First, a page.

Bizarre: Norway’s $885b Oil Fund Wants To Go After Fossil Fuel Companies

John Byrne
Image source: Nicolas Raymond, Flickr.

Ironic? Norway’s minority government announced Friday that the country’s $885 billion sovereign wealth fund may divest from oil companies, according to a new report in the (subscription-only) Wall Street Journal.

This despite the fact that Norway’s fund bankrolled by the country’s own oil holdings.

The government said they’d also appoint “an expert group to assess whether the fund should be allowed next year to start buying unlisted infrastructure.” From the Journal:

The $885 billion fund—one of the world’s largest investors, holding on average 1.3% of every listed global company—shouldn’t immediately exit its fossil fuel-exposed holdings such as coal assets, the government said. Instead, it should use the threat of exclusion as a tool to pressure companies to change their climate strategies, it said.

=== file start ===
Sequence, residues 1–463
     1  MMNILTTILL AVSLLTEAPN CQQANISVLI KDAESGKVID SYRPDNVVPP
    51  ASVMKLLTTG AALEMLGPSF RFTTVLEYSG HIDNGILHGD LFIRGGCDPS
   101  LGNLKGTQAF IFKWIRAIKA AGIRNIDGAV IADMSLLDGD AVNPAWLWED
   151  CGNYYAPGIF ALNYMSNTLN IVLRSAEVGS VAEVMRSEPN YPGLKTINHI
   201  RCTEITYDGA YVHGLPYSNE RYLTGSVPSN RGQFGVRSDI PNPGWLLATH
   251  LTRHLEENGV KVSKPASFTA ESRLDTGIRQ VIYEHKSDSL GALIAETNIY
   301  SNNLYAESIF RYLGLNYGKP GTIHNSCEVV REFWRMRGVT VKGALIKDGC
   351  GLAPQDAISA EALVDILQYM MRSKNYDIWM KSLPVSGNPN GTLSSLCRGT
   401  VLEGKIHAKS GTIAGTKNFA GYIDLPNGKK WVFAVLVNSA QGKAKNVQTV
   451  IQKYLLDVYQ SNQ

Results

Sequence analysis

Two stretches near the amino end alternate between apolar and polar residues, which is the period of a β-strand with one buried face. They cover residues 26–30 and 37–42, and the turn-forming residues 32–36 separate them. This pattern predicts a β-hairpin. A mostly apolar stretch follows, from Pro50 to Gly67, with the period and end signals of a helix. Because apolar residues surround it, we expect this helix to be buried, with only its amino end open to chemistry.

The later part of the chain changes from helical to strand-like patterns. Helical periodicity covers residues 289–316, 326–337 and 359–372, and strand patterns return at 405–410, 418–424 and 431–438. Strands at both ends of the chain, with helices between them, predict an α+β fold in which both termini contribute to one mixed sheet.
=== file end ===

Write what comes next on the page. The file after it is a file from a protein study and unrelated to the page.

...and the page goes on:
“This criteria is broad and good, and behavior-based,” Norway’s Minister of Finance Siv Jensen told The Wall Street Journal in an interview. “I think this is a better ownership tool for the bank than product-based exclusions.”

The fund, set up in the 1990s to safeguard Norway’s vast oil and gas revenues, has previously banned certain types of assets deemed unethical, including companies that produce nuclear weapons, cluster bombs, and tobacco, or that contribute to human rights violations such as child labor.

The full story is available here.